Pratap NM has been invited to over 87 countries to showcase his drones and has worked in over six major projects, including one for defence purposes.
Innovation in today’s world has come to the rescue in many cases, be it during natural disasters, for border security or even helping farmers in agriculture. Drone technology is one such innovation that has emerged as one of the most valued and essential technologies in recent years.
During the floods that devastated North Karnataka recently, when thousands of people were stranded, 22-year-old Pratap NM used his indigenous drones to provide food and other relief material to the affected areas. A BSc graduate from JSS College of Arts, Science and Commerce in Mysuru, Pratap is often lauded as the Drone Scientist.
Pratap NM along with one of his drone. (Image: Edex Live)
Pratap started tinkering with drones when he was only 14 years old, and two years later at 16, he had managed to develop a fully functioning drone. Even though it could fly and capture only a few images, it was no less than an achievement for the young boy, who was inspired by the might of the eagle soaring in the sky and Dr APJ Abdul Kalam, India’s top scientist and former president.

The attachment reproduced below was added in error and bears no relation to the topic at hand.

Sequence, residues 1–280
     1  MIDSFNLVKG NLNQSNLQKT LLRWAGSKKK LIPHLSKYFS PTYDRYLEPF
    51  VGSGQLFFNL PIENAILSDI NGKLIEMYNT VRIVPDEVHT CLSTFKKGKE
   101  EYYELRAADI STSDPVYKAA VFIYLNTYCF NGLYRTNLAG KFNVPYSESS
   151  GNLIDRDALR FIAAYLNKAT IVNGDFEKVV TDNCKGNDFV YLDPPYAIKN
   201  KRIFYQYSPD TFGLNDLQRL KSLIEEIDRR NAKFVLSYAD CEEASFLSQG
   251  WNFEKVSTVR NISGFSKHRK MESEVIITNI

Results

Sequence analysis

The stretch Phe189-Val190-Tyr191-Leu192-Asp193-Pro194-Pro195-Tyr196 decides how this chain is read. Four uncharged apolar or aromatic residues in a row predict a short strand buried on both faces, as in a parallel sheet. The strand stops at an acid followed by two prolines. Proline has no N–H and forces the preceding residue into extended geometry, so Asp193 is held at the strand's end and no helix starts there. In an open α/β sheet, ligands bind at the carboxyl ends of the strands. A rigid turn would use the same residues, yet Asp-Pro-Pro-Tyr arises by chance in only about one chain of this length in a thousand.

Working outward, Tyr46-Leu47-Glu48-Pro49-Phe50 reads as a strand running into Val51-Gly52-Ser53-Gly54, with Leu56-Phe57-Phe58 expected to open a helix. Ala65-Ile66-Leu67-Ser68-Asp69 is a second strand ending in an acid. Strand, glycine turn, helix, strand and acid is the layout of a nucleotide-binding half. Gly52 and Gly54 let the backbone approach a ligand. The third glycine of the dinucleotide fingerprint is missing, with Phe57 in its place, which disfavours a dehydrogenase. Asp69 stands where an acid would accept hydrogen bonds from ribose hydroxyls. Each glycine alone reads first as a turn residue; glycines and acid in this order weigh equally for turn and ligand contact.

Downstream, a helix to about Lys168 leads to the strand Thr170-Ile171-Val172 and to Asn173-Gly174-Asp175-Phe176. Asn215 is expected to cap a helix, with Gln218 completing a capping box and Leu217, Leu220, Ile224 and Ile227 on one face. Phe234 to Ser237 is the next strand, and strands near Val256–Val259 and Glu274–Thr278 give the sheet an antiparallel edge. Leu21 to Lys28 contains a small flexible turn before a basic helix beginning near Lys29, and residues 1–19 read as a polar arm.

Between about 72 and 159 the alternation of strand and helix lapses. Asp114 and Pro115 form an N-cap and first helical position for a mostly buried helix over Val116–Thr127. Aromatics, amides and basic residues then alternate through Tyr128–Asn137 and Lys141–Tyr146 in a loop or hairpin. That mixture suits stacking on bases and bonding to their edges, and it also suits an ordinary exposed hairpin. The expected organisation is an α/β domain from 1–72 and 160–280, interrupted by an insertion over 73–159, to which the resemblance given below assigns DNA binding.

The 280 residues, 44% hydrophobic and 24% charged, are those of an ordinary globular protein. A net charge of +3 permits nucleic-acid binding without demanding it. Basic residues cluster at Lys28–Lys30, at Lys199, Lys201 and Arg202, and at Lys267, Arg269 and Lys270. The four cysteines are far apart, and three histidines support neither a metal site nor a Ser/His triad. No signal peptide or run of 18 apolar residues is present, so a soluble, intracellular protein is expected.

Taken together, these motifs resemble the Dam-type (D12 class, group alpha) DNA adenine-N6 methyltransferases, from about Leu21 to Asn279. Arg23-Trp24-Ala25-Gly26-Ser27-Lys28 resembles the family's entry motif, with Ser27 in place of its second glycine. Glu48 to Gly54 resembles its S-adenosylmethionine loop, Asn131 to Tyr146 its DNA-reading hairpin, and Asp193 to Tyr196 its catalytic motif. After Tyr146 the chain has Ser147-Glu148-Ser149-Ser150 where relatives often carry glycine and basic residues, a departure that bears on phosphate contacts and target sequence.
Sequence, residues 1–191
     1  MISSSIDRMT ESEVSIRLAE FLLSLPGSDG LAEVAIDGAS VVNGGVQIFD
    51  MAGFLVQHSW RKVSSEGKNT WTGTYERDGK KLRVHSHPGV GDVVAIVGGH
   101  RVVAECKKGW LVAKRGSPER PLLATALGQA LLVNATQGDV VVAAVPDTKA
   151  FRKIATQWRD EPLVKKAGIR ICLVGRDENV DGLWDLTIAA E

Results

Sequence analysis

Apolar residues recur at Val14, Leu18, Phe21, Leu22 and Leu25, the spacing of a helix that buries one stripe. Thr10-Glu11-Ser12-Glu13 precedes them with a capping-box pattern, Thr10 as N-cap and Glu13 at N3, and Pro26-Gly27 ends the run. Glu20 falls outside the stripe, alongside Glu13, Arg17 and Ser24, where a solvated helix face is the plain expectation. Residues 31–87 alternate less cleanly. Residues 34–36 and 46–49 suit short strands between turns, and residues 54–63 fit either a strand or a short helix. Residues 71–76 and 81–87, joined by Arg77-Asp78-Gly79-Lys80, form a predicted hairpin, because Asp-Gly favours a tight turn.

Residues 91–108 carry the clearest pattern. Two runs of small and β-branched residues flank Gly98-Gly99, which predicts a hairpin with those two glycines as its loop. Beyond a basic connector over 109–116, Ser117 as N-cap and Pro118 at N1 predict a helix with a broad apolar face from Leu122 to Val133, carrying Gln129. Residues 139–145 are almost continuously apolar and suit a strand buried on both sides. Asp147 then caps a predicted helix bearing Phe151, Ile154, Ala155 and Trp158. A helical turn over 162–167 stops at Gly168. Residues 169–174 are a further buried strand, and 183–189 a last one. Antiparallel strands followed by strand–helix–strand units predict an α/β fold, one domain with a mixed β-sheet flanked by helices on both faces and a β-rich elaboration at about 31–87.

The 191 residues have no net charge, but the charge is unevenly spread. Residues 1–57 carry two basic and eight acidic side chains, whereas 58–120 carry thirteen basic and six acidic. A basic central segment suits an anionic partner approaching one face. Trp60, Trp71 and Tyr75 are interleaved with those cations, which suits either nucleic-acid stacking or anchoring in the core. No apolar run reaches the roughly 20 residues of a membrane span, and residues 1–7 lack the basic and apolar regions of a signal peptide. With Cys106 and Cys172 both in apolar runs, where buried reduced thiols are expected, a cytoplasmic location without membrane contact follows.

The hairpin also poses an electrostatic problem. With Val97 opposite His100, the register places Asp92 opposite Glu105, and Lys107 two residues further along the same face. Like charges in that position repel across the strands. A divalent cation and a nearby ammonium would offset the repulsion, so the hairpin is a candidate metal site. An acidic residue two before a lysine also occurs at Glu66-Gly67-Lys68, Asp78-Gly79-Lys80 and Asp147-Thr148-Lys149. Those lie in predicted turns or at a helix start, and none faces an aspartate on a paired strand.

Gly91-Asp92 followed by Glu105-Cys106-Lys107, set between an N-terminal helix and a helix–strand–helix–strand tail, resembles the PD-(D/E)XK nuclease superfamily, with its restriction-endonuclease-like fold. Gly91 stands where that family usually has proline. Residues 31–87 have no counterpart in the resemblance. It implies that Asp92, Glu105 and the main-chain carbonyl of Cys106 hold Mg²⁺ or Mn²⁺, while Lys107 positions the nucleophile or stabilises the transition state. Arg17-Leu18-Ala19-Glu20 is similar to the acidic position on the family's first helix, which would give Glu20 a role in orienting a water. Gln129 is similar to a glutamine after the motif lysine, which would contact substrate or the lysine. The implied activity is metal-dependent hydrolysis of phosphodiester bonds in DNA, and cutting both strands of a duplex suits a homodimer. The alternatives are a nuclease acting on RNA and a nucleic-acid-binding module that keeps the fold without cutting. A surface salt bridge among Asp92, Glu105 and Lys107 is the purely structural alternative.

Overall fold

Over the course of the next few years, Pratap built 600 drones all by himself. He has so far completed six major projects that includes Telegraphy in Border Security, Drones in Traffic Management, UAVs in rescuing humans and Auto piloted drones and Cryptography in Drone Networking. Pratap’s drones are saving the lives of tribals in Africa by helping deliver medical support in a short period of time.
Pratap has also been invited to over 87 countries to showcase his different kinds of drones. According to Deccan Herald, Pratap has been the recipient of the Albert Einstein Innovation Gold Medal in the International Drone Expo 2018 held in Hanover in Germany, another gold medal in the International Drone expo in Germany and many others. He was recently invited by IIT Bombay to deliver a lecture on drone applications in emergency situations.
Speaking to Edex Live about his skills, he said, “I use very little money and a lot of e-waste to make my drones. Whenever I win competitions, I am awarded money which I save for the future. And as far as e-waste goes, a lot of it is generated and I get it from electrical shops in Mysuru, Visakhapatnam, Mumbai and a few other cities. For example, if there is a mixer-grinder that is defunct, I can remove the motor and use it in my drone. Similarly, I make use of chips and resistors from broken televisions to build my drones. It doesn't matter what the prototype looks like. Proving the technical points of the drone is all that matters.”
(Source: Your Story)